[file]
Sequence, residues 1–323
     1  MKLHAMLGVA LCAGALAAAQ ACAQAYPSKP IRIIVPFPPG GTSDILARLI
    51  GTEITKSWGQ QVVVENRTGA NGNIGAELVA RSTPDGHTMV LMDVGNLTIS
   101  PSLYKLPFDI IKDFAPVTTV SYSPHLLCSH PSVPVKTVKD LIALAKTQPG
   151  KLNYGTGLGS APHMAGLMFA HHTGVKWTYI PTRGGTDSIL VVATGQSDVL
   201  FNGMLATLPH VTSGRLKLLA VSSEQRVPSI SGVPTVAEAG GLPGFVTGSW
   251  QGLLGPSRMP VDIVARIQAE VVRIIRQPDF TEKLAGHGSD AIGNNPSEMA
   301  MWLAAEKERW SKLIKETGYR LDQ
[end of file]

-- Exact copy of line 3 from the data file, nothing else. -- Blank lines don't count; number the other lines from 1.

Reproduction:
    51  GTEITKSWGQ QVVVENRTGA NGNIGAELVA RSTPDGHTMV LMDVGNLTIS